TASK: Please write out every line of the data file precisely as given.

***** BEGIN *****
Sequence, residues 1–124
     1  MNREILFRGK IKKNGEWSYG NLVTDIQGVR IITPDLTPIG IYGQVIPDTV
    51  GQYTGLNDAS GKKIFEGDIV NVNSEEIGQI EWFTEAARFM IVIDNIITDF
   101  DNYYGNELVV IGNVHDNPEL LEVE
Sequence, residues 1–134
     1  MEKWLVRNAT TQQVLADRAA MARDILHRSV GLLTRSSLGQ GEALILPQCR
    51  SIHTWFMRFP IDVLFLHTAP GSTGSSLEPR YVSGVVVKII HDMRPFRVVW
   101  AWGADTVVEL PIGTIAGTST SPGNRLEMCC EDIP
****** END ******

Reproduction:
Sequence, residues 1–124
     1  MNREILFRGK IKKNGEWSYG NLVTDIQGVR IITPDLTPIG IYGQVIPDTV
    51  GQYTGLNDAS GKKIFEGDIV NVNSEEIGQI EWFTEAARFM IVIDNIITDF
   101  DNYYGNELVV IGNVHDNPEL LEVE
Sequence, residues 1–134
     1  MEKWLVRNAT TQQVLADRAA MARDILHRSV GLLTRSSLGQ GEALILPQCR
    51  SIHTWFMRFP IDVLFLHTAP GSTGSSLEPR YVSGVVVKII HDMRPFRVVW
   101  AWGADTVVEL PIGTIAGTST SPGNRLEMCC EDIP